Monday, September 21, 2009

Mining the MIA

"Portrait of Anna Blocken", Aelbert Cuyp, 1649
"Portrait of a Woman as Judith", Agostino Carracci, 1590
"Portrait of a Burgomaster", Bartholomeus van der Heist, 1665-70

"Portrait of a Young Girl", Jacob van Leo, 1650

(All photographs were taken by me at the Minneapolis Institute of Arts)

The Fourth floor of the Minneapolis Institute of Arts is one people usually have polarizing opinions on. They either fall in love and return, or see enough halfway through and wander downstairs for something more unique. This floor holds what most people would think of as more "classic" art even though much of it covers a few centuries. Many countries are also represented; there's the American painters, the French the English, the Flemish- just to name a few. But the overwhelming tie between all these on the fourth floor are that they're portraits, the standard, realistic yet idealized kind. Most of them are commissioned portraits of families or family members, all made to capture the person or people at their regal best. And yet, every once in a while, every few rooms or so, there is a portrait that captures something else entirely. It might be in the way their eyes are, their mouth, the colors, or sometimes something more obvious. These small elements, every once in a while add up to make something much more unsettling, more haunting. The beauty of that is that it's done subtly rather than outright (see previous post about Ray Caesar), which can be more chilling, the thought that maybe that truly is the essence of that person, caught on canvas. The kind of paintings that make you feel as though you're being watched. But don't worry, it's alright; these paintings are always sandwiched between cherubic baby Jesus and happy rich families with dogs at their feet. But what if they weren't? What if there was a collection simply for these? A room to house all the haunting souls ever captured in painted eyes? Would you sleepily wander downstairs then?

All of these would be hung at different heights around the room. Ideally, the collection would feature so many of these types of portraits that the walls would be almost completely covered, leaving the viewer stared at from dozens of pairs of eyes. The room would be kept intentionally colder than all other rooms, with the walls painted a deep shadowy purple or green. Also, I would put speakers behind some of the paintings that would remain quiet most of the time, but would occasionally play a rolling whisper across the room. This would happen only a few times a day, so anyone alone in this room would not be able to replicate it for a friend. Otherwise, the room would be sealed well enough to be more quiet than the rest of the museum. The goal is to really push that sense of being slightly uncomfortable, a bit unsettled. Not so much that it becomes a joke, but enough to bring these troubling faces a room of their own, no longer the odd one out in a plethora of fat happy rich people.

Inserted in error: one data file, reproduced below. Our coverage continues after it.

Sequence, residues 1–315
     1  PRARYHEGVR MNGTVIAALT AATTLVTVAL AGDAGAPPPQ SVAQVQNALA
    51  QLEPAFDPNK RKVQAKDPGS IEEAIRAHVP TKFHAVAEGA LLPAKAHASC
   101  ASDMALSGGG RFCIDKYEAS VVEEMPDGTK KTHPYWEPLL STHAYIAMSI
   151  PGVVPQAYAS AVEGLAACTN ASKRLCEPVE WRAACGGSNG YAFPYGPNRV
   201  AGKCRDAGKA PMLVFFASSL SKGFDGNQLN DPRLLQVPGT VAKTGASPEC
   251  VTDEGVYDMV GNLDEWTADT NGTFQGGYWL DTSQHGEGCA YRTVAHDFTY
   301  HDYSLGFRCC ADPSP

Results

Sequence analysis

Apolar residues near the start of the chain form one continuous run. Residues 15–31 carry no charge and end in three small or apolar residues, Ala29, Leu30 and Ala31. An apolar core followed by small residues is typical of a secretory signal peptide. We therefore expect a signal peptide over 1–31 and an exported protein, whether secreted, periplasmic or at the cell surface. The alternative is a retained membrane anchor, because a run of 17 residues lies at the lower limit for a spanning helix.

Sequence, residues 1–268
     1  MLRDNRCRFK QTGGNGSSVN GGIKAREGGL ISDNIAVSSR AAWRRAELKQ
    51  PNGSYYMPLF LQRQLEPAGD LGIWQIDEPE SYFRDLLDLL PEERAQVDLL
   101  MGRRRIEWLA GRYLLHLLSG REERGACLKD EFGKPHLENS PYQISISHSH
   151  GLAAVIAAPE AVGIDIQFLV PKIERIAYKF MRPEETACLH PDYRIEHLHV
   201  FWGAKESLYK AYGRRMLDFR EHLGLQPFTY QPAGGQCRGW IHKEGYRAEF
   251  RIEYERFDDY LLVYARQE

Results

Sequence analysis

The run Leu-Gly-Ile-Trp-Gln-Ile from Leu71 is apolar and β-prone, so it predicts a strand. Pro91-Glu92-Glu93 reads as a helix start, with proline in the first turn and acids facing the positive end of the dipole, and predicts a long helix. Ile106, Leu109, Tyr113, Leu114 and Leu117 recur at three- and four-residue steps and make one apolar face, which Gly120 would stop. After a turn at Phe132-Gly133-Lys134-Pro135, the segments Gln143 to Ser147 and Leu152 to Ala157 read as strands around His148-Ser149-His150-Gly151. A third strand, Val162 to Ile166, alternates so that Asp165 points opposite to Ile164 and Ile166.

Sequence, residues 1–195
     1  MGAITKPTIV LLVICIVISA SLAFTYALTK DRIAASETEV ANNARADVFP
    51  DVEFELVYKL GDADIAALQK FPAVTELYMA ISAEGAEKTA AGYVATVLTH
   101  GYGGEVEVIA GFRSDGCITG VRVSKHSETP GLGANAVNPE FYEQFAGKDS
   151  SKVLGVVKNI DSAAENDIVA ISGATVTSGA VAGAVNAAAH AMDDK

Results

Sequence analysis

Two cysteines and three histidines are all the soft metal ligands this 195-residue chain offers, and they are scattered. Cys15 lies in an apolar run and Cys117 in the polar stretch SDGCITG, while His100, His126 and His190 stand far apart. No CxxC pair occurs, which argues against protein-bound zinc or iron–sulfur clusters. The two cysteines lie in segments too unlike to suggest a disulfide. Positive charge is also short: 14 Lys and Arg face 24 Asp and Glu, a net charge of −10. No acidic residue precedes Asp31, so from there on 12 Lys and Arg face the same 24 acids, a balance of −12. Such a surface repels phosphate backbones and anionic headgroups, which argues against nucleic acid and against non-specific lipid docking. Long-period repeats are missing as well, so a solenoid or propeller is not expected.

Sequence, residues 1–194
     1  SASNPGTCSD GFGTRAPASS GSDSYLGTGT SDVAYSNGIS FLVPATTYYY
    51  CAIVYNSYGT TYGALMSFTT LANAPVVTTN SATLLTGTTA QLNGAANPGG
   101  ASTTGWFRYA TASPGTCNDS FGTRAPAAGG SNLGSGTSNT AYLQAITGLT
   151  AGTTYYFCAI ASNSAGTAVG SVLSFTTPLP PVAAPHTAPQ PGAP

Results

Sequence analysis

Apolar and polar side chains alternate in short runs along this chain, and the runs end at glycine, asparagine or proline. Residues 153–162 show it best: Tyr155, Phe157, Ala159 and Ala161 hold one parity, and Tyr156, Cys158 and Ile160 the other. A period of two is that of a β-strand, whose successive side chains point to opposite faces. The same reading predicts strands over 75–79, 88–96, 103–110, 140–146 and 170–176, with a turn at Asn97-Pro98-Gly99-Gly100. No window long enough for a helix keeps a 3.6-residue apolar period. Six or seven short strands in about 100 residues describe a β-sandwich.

1. Nice observations - both on people's reactions about the work initially, but also how even the raising or / and lowering of a work affects it in relation to another. I like your tone as you write as well. Conversational, and you bring us along with you as you ask questions, making sure it is free of any insult, but more as a proposition of changing the dialog between the works.

    Great proposal

  2. It's a good thing that's not really creepy. I liked your synopsis...

    Blog title: Mining the MIA
    It’s interesting to think that these bizarre subtleties could be
    commissioned artists’ way of spitting water at the rich people and
    families that they were painting. It reminds of those people that have
    theories that artists forced by the church to paint religious paintings
    included hidden messages and symbols in the paintings to hint at lies or
    corruption in Christianity. I can’t remember the painting or the artist,
    but it’s supposed to suggest that we were created by aliens rather than